McAdam: A second-guesser's delight

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McAdam: A second-guesser's delight

By Sean McAdam
CSNNE.com

BOSTON - It was a game, naturally, that seemed to have an endless number of turning points, and, correspondingly, innumerable opportunities to second-guess strategy.

If you could stay awake long enough to watch the Red Sox' maddening 5-3, 13-inning loss to the Los Angeles Angels Thursday morning, you could pick apart a dozen or so plays or sequences or moves.

We'll keep it to a three.

Twice, Terry Francona lifted middle-of-the-order hitters for pinch-runners.

In the eighth, after Adrian Gonzalez reached on a swinging bunt (which scored the first Boston run) and took second on reliever Fernando Rodney's throwing error, Francona lifted him for pinch-runner Marco Scutaro.

Scutaro got to third when Kevin Youkilis lined a hard single to left, but was stranded there when David Ortiz flied to center.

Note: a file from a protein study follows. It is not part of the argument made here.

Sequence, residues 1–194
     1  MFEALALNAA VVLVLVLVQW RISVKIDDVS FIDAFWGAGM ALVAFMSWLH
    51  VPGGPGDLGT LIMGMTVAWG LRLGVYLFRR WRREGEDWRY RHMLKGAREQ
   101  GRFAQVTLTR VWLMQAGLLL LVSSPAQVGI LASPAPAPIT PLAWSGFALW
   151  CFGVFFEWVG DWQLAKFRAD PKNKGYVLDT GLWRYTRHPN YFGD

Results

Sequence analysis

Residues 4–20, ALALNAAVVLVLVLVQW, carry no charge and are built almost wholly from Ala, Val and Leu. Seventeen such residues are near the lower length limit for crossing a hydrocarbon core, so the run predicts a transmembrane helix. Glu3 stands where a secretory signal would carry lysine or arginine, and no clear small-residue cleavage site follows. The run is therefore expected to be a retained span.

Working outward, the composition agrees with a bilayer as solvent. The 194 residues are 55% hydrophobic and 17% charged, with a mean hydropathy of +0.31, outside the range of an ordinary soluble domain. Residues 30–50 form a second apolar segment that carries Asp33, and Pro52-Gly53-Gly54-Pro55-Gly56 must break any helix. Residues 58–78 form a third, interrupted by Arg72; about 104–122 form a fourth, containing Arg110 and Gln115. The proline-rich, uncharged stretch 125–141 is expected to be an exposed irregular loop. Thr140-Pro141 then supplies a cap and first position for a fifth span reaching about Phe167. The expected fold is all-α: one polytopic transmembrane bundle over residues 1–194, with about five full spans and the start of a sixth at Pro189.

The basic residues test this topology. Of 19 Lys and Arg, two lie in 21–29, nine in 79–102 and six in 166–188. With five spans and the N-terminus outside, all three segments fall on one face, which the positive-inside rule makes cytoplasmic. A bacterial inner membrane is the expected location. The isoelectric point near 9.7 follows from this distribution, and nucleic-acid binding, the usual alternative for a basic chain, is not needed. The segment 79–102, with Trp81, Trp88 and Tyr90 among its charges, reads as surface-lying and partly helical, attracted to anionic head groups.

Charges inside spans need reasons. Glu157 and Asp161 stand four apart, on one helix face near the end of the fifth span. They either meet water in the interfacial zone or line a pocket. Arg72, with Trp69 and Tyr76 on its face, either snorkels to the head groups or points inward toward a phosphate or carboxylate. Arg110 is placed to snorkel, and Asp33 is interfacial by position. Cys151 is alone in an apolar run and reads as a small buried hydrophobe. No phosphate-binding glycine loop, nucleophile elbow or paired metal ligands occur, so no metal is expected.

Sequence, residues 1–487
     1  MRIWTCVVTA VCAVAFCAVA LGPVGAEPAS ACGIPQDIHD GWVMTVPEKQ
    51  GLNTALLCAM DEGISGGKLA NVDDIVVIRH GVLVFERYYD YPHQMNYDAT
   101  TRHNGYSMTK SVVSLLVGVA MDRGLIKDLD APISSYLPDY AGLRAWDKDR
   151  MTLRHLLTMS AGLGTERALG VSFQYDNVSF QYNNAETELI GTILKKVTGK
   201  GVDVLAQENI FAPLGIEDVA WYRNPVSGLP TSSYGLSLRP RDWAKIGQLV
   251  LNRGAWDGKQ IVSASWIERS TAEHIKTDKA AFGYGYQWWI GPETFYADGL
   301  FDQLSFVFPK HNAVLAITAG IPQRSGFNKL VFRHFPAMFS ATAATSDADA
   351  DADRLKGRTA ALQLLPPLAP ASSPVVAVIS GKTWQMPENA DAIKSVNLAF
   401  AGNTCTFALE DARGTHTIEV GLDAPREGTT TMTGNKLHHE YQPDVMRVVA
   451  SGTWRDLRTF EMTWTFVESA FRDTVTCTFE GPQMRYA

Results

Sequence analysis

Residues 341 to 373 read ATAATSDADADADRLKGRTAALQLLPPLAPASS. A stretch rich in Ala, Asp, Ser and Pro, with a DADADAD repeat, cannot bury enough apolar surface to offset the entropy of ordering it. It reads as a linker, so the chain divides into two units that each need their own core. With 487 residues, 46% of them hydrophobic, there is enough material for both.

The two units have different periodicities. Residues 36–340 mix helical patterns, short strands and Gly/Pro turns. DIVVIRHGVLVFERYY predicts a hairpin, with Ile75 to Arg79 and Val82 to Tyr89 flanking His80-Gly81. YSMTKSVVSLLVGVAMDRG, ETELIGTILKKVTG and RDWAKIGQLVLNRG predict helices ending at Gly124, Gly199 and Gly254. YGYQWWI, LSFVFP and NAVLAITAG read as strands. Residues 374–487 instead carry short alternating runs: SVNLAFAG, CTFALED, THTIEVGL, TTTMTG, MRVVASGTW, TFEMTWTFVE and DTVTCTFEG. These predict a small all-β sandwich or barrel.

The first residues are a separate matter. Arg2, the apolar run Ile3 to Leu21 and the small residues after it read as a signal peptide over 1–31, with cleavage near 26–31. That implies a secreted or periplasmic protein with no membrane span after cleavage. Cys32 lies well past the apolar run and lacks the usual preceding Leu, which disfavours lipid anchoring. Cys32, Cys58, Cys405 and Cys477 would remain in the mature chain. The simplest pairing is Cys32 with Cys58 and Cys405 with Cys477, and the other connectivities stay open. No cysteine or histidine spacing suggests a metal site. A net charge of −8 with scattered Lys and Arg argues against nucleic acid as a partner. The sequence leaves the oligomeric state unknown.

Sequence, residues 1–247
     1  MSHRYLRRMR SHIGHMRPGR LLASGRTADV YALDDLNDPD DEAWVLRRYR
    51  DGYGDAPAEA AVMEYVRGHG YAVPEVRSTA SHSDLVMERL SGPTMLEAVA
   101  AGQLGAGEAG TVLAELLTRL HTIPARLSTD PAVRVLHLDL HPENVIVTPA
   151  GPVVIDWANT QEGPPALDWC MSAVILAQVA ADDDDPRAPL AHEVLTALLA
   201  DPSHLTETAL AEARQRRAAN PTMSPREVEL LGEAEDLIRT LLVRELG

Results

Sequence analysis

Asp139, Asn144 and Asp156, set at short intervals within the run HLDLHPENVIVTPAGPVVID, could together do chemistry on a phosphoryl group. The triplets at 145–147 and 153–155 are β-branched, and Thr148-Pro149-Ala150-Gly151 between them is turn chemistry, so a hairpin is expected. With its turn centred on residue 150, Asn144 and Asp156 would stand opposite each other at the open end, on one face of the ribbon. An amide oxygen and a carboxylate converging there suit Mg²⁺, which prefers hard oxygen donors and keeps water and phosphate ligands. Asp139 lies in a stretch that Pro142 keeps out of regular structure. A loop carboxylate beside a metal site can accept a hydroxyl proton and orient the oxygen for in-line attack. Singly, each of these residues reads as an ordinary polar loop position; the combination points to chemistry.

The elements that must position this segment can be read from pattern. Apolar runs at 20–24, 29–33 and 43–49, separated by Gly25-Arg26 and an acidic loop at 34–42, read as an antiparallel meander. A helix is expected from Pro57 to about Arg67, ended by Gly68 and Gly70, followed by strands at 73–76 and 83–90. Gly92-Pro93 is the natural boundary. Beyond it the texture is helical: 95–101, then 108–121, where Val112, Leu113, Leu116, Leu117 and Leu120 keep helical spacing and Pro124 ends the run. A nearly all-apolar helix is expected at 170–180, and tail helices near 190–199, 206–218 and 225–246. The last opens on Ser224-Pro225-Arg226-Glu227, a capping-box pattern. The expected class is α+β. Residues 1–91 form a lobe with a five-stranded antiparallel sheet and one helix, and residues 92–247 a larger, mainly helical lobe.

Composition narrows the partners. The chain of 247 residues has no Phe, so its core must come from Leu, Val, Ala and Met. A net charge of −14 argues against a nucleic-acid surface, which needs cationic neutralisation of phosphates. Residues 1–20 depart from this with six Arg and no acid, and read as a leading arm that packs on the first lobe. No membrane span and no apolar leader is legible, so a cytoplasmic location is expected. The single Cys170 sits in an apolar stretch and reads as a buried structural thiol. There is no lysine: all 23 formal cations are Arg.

That left Scutaro, hitting .197 when the game began, hitting in the third spot in the order. His spot would comeup two more times when the Sox would have liked Gonzalez's bat there. But that's the tradeoff made for the short-term gain in speed on the basepaths.

Ironically, Scutaro made the biggest out of the game when he was cut down at the plate in the 12th trying to score from first on a Wall double from Kevin Youkilis with one out.

It took a perfect relay, but left fielder Vernon Wells to shortstop Erick Aybar to catcher Jeff Mathis did the trick.

"We were all on the top step of the dugout, thinking maybe we'd get to go home," said Francona. "It turns out we didn't."

Also, Francona chose to lift Ortiz for Darnell McDonald in the 10th after Ortiz worked a two-out walk.

McDonald would get stranded at home in that inning, then came up in the 12th after Scutaro was thrown out at home. He got an infield single, moving Youkilis to third, but Jed Lowrie grouding out to first for the final out of the inning.

Mike Cameron seemed to be overly aggressive in the ninth, though his manager absolved him of any blame after the game.

Cameron was on first and Jed Lowrie was on second with no outs when Jordan Walden tossed a wild pitch. As catcher Hank Conger scrambled to get the ball, Lowrie took off for third and Cameron for second.